Scarlet Traces: Home Front Part 12
    Credits: Ian Edginton(script) D’Israeli (art) Ellie De Ville (letters)

    Michael Mazzacane: The twelfth and final entry in “Scarlet Traces: Home Front” doesn’t do much. It does something very big, but not much else. Edginton and D’Israeli tie most of our disparate plot threads together through the special broadcast that was teased a couple of weeks ago and a rather nice splash page. This is more a plot transition strip than a economical storytelling one.

    Tying this strip, both in the macro and micro sense, is an intermittent broadcast. Originally I thought it was from our guys on the moon of several weeks ago, the exclamation that “he,” Ahron Shakespeare, is blue seemed more like a reference to the broadcast than him actually having blue skin. Nope, he is a Venusian and appears to be related our trio of husbands. I’m not sure if he’s a returning character from earlier “Scarlet Traces” runs, but Edginton has done enough work with the Husbands that Pitu’s tearful reaction was effective no matter what.

    D’Israeli goes BIG this issue a beautiful splash page. You don’t see those much in a Prog for good reason, they eat up too much page budget. The space action sequences haven’t been the most effective ones in this strip. That is not the case with this splash page, it is big and bold and all the things you would want in a splash page that proclaims look to the skies the cavalry is coming.

    “Scarlet Traces” goes big this strip and doesn’t have room for much else, but how it uses that size to tie everything its been building for the past three months together and set it up to enter a new phase in “Scarlet Traces: Storm Front.”

    Absalom: Terminal Diagnosis – Book Two, Part Three
    Credits: Gordon Rennie (script), Tiernen Trevallion (art), Ellie DeVille (letters)

    Rowan Grover: Part three of the story is more cohesive and enjoyable as it chooses to focus on only one of the disparate plot threads from the last prog. Rennie has all sorts of fun in this issue with action and character work. The ninja in this scene is more of a clear cut heroic protagonist, being headstrong and leaping fists-first (or swords) into situations but doing so with noble intentions. The cockney muscle of the group gets significantly more fleshed out in this prog too. Rennie keeps up the scoffing and sarcastic dialogue that makes this character so charming but reveals a darker layer here as we see him fantasize about attacking the ninja for undermining his authority and trusting Harry Absalom more. He doesn’t act on it, however, which is Rennie showing us that this character could have a hidden agenda. The action is used as some solid worldbuilding too, as we find out that the creepy Tick Tock Men are made of human, and frequently, children’s organs and body parts. It’s creepy in the most suitable way, fleshing out the denizens of Rathborne manor and giving the heroes a drive to attack.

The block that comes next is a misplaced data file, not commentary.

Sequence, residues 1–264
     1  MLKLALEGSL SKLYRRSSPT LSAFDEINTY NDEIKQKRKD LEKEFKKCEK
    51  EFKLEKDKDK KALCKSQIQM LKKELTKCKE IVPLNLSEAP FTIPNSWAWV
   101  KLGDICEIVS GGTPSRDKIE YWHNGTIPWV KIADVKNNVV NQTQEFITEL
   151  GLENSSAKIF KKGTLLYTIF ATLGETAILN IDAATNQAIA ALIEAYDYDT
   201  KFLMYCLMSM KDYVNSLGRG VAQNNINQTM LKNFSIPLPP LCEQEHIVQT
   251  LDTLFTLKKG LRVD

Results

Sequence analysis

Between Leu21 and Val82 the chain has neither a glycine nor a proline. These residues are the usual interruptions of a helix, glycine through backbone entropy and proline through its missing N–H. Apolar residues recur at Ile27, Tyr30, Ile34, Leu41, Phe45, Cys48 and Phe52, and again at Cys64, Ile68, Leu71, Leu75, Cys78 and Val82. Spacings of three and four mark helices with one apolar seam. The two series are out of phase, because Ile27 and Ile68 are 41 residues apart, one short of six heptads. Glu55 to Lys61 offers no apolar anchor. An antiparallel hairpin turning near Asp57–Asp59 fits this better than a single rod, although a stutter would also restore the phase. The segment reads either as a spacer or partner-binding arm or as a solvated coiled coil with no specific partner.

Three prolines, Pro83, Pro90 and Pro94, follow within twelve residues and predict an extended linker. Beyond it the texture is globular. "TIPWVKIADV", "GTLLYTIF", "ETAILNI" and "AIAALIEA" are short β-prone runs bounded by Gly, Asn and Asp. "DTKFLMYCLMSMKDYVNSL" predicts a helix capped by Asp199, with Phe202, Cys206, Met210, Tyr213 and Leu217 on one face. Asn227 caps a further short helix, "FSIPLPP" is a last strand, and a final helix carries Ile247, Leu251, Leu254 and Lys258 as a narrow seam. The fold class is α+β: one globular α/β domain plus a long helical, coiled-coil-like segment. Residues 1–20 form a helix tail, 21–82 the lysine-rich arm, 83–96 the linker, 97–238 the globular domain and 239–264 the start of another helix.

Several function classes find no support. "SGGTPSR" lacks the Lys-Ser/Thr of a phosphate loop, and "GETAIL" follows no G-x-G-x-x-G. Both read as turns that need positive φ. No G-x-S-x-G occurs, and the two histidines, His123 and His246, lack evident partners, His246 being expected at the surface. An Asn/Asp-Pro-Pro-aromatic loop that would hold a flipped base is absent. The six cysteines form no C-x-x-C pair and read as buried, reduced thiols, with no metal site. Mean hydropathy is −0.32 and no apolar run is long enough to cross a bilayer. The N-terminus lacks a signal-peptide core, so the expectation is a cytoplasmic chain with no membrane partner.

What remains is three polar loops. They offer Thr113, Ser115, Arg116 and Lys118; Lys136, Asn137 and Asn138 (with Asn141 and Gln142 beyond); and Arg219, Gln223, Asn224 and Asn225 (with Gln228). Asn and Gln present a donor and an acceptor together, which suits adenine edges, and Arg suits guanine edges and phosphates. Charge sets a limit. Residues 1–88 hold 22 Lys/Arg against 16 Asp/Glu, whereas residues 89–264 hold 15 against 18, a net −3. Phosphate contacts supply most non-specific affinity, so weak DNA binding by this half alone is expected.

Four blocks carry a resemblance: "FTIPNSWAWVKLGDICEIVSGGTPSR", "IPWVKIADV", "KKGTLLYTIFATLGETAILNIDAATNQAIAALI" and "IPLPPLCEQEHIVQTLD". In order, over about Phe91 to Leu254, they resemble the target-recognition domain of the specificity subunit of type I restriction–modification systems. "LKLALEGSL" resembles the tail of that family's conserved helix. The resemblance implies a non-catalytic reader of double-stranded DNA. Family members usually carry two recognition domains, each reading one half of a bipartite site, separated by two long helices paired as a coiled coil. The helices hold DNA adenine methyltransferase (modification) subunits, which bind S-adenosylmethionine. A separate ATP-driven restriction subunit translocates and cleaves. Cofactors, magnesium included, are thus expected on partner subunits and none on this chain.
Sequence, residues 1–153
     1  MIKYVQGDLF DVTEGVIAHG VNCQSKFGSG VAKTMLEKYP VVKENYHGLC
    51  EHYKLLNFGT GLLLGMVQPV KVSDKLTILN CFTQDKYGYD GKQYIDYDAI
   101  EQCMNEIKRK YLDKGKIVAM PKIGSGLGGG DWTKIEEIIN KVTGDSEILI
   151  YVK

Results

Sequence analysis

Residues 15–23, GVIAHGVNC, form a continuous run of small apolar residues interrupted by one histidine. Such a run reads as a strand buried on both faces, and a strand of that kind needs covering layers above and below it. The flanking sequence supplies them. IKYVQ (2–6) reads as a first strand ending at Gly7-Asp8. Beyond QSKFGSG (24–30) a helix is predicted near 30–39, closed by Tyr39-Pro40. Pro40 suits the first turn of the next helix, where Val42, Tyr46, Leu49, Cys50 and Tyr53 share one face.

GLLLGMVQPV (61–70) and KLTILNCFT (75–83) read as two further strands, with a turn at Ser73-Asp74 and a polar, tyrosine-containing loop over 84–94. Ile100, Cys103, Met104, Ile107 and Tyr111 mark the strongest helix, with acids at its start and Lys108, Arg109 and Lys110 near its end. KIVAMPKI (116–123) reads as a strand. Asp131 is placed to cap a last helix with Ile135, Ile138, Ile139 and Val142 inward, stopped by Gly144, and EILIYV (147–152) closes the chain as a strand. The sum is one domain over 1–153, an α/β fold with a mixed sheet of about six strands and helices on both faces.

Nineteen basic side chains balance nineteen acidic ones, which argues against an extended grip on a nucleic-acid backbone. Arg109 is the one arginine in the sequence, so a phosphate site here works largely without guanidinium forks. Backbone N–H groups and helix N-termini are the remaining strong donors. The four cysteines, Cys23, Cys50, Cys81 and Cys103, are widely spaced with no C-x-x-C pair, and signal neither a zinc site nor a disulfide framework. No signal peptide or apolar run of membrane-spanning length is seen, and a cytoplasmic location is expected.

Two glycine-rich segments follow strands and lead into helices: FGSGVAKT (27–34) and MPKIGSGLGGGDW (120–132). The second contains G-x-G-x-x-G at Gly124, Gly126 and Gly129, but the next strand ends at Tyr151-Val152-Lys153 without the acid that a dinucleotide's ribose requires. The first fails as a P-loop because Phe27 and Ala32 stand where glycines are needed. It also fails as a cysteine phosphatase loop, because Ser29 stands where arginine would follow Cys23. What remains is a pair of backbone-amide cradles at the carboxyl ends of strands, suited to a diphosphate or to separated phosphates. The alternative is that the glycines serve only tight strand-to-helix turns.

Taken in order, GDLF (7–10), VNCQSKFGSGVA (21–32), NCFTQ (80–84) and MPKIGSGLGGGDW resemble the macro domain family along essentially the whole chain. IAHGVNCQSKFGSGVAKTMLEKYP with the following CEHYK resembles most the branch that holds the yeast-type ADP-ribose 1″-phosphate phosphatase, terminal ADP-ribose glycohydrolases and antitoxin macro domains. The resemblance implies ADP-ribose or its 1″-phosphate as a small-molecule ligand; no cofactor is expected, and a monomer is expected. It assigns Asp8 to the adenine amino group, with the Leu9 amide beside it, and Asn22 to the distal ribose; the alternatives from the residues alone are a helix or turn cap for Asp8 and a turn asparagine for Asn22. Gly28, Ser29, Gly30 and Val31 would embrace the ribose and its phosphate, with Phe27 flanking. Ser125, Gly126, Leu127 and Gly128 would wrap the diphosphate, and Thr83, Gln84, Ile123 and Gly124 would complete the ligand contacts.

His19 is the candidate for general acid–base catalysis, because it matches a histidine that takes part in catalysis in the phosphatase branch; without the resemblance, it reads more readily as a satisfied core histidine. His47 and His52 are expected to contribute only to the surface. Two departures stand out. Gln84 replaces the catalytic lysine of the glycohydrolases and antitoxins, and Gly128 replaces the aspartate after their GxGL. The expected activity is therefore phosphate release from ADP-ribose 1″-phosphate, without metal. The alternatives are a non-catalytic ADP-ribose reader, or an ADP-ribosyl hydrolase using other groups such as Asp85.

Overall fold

Trevallion stretches his design legs in this issue, experimenting with all sorts of creepy characters and monsters. The so-called ‘special job’ that we see in the start is a combination of uncomfortable Lovecraftian design and angular, Japanese influenced horror (think “Uzumaku” or “Parasyte”). Then we get the Tick Tock Men workshop, which feels like a twisted puppet theatre with some robotic surgery thrown in, showing how much fun Trevallion is having with these bizarre horror concepts. The action as always is fast and lightweight. Trevallion has the cockney and the ninja swing into the fray, slicing and bashing with no effort at all. It makes for a breezy, fast-paced read but admittedly takes away impact from what should have been the pair making weighty, satisfying blows.

    Continued below

    “Terminal Diagnosis” feels like it’s starting to embrace its weird concept and have a bit more fun, which I’m all for. This is a book that balances horror, crazy action, and weird science fiction to great effect.

    //TAGS | Multiver-City One

    Gustavo S Lodi

    Gustavo comes all the way down from Brazil, reading and writing about comics for decades now. While Marvel and DC started the habit, he will read anything he can get his hands on! Big Nintendo enthusiast as well.


    Matthew Blair

    Matthew Blair hails from Portland, Oregon by way of Attleboro, Massachusetts. He loves everything comic related, and will talk about it for hours if asked. He also writes a web comic about a family of super villains which can be found here: https://tapas.io/series/The-Secret-Lives-of-Villains


    Rowan Grover

    Rowan is from Australia. Aside from sweeping spiders in an adrenaline-fueled panic from his car and constantly swatting mosquitoes, Rowan likes to read, edit, and write about comics. Talk to him on Twitter at @rowan_grover about anything from weird late 90's/early 2000's X-Men or why Nausicaa is the greatest, full stop.


    Michael Mazzacane

    Your Friendly Neighborhood Media & Cultural Studies-Man Twitter


    Greg Lincoln